Posted by Dave Daly

Bonding is the electro-mechanical joining of two or more conductors, to form a conductive path that ensures electrical continuity. Grounding is connecting a circuit to the earth or to another conductor that is itself connected to earth. 

Broadband cable systems are usually connected to ground to limit the voltage potential between the cable sheath in the house and the other grounded items in the house, including water pipes, appliances and anything else connected to the utility.

A cable not properly grounded can have a high electric potential when compared to the utility ground in a house. Grounding the cable system to the same ground used by the utility minimizes voltage that could exist between them. 

Topics: Design and Install, Broadband

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Installing In-Building Fiber Broadband: First Stage and Connectors

Posted by Dave Daly

These days, operators are faced with an increasing requirement to deploy in-building fiber broadband networks. The rising demand from consumers for superfast broadband services, coupled with the growing urbanization of the marketplace, means that many operators need to focus on installation efficiencies and effectiveness.

Bringing fiber into the building

The first installation step is to get fiber cable into a multi-dwelling premise. It has to be routed from the point of presence (the outside distribution box in the example diagram below) into the building through the wall and plugged into a further distribution box or distribution frame in the basement or a comms room.

Topics: Design and Install, MDU, Broadband

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Overcoming Hidden Costs in the Broadband Network's Last 200 Feet

Posted by Rick Haube

Many people involved in broadband network deployments appreciate that there could be "hidden" costs down the line because less expensive products have been chosen upfront, for use in the critical transmission path close to the subscribers. The real issue is how to balance slightly higher capital costs for quality components and training, against true savings in operational costs.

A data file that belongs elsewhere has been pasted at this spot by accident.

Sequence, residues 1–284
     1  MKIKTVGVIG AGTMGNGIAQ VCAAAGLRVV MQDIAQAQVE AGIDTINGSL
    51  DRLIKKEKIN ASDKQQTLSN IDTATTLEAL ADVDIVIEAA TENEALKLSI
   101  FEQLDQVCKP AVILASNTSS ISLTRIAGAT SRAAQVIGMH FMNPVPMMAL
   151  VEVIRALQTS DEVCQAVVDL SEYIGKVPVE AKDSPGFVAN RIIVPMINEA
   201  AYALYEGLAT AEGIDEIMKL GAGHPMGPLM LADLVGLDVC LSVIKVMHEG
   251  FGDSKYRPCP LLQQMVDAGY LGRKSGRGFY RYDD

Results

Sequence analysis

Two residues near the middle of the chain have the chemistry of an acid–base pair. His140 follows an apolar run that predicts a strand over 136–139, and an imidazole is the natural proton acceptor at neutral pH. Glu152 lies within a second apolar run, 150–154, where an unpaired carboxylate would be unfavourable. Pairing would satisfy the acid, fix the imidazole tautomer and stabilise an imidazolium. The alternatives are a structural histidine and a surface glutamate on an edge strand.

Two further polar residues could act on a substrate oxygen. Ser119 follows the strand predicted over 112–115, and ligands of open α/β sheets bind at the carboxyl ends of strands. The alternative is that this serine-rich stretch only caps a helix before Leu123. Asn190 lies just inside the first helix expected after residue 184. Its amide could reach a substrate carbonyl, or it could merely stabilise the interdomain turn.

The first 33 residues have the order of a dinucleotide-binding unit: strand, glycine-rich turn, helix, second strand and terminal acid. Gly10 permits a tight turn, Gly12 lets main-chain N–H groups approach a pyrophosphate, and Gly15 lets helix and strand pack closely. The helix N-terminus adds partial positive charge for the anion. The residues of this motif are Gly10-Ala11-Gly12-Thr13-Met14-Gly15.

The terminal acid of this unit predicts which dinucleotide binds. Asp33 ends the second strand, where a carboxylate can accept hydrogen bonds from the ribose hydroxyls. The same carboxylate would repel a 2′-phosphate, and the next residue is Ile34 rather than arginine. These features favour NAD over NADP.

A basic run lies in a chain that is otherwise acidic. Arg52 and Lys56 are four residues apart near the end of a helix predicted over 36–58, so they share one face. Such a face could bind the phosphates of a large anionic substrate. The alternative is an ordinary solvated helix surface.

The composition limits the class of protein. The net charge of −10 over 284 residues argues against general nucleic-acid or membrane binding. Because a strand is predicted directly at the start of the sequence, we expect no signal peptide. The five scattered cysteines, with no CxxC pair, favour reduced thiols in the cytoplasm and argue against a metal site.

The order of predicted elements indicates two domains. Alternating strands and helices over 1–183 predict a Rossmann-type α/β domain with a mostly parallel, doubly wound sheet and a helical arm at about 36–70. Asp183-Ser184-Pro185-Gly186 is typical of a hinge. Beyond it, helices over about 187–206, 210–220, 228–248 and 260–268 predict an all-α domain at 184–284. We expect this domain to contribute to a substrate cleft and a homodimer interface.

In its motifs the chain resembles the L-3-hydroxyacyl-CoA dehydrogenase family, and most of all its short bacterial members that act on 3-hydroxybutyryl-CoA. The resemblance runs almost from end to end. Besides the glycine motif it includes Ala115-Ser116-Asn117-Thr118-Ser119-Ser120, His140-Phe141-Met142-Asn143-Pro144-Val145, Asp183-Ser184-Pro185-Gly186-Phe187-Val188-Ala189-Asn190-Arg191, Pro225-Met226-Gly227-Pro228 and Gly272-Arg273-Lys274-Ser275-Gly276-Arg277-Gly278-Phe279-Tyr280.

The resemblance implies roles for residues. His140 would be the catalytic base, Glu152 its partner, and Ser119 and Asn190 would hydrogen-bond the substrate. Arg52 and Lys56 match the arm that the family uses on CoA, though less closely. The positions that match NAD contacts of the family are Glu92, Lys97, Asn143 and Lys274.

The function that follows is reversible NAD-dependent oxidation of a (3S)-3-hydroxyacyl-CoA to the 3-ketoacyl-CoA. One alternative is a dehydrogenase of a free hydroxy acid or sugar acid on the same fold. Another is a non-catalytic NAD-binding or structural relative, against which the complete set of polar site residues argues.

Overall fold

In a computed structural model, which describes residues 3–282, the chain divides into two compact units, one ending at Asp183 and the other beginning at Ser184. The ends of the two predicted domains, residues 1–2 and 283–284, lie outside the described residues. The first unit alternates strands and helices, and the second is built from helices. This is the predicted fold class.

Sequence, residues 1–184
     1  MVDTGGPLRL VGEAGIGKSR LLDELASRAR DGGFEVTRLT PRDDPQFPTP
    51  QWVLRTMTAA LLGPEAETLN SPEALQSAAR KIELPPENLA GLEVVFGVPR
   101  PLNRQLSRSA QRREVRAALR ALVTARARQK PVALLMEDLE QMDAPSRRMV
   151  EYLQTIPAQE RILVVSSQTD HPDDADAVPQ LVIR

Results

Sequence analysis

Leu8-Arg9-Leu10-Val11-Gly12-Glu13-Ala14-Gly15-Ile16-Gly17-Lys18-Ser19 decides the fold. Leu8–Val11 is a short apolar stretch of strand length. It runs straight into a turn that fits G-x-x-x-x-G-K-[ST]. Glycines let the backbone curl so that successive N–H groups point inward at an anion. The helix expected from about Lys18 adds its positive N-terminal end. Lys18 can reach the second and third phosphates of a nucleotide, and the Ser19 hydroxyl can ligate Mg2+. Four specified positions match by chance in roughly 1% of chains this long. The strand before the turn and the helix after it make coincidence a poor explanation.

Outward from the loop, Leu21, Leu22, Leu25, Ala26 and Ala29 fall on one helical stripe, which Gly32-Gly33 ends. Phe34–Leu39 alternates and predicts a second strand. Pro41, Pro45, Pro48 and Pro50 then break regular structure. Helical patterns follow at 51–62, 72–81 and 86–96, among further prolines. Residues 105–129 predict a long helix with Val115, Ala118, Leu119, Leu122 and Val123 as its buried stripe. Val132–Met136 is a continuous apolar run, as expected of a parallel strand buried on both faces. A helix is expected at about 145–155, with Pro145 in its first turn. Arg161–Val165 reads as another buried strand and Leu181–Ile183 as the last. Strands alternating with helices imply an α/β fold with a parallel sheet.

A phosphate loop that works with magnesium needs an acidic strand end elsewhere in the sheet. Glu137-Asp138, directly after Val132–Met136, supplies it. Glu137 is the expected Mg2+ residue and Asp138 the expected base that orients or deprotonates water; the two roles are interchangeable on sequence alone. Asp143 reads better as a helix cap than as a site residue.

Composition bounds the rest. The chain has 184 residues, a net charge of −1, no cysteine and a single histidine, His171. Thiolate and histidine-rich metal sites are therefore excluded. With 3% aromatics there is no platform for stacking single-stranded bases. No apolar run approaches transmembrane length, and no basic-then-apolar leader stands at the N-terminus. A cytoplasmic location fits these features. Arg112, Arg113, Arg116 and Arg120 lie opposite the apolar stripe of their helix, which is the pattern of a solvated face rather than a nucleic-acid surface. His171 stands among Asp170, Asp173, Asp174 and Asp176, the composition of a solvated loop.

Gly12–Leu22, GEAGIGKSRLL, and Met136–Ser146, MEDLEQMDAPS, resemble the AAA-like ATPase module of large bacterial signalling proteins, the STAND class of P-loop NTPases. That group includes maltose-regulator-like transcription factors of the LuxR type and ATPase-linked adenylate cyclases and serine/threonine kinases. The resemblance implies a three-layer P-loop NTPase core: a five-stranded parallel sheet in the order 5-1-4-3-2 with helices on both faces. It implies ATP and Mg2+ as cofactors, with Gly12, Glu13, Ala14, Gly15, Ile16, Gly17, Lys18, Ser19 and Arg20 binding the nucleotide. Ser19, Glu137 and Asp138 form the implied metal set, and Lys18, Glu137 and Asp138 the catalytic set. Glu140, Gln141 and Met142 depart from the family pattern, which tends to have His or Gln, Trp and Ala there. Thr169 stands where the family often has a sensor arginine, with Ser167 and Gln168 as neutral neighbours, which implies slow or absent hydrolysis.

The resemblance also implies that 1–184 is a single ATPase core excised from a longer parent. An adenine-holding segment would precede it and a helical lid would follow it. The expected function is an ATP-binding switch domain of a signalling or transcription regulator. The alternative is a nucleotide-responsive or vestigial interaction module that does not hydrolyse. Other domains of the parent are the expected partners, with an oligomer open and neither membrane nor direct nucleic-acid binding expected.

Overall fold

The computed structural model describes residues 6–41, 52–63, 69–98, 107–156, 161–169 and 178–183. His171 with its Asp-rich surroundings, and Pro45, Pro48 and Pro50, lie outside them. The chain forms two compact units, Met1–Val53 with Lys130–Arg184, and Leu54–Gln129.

Substandard components are apt to need replacement sooner than those of higher quality - not to mention the costs resulting from the poorer performance profiles of low-quality products.

But what of the hidden costs associated with a poorly or improperly trained workforce? These costs appear in the form of more service calls and repeat service calls.

Topics: Design and Install, Costs/ROI, Broadband

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How to understand price and value in broadband networks

Posted by Rick Haube

In managing the infrastructure of broadband networks, an often underacknowledged element is the coaxial cabling and connectors required to deliver the very services your customers pay for.

Research shows that possibly the most significant issue for service providers is service calls in "the last mile" (or "the last drop") - the connection from the end of the distribution network up to and including the customer premise equipment.

The research indicates that the leading cause of service calls, as much as 40 percent, is due not only to improper installation of coaxial cable and connectors, or simply loose connectors, but also that the connectors being employed are of sub-standard quality within the environment, affecting electrical and mechanical performance. This has historically been such a chronic issue that some operators have come to accept it as a cost of doing business.

Topics: Costs/ROI, Broadband

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Broadband Subscribers' Self-Installations: Getting it Right First Time

Posted by Dave Daly

A growing number of broadband subscribers are being given the option of installing or reinstalling customer-premises equipment (CPEs) themselves, with the help of self-install kits (SIKs). For the subscriber, this can lead to flexibility, autonomy, and independence when setting up their information and entertainment environments. Sometimes, however, it can lead to problems - and expensive service calls. 

Compared to the first generation of SIKs some twenty years ago, today's options are much improved and standardized. The original SIKs often contained a bewildering array of cables, connectors, and passives, including composite video cables, component video cables, HDMI cable, coax cable, audio, category cable, RF splitters and others. 

The matrix of possibilities was endless and confusing but with the standardization of connection devices for CPEs, the list is now more specific and sophisticated, including usually only coax cable, HDMI and category cable, depending on the services purchased. 

So, how do you make sure self-installations are done properly?

Topics: Design and Install, Broadband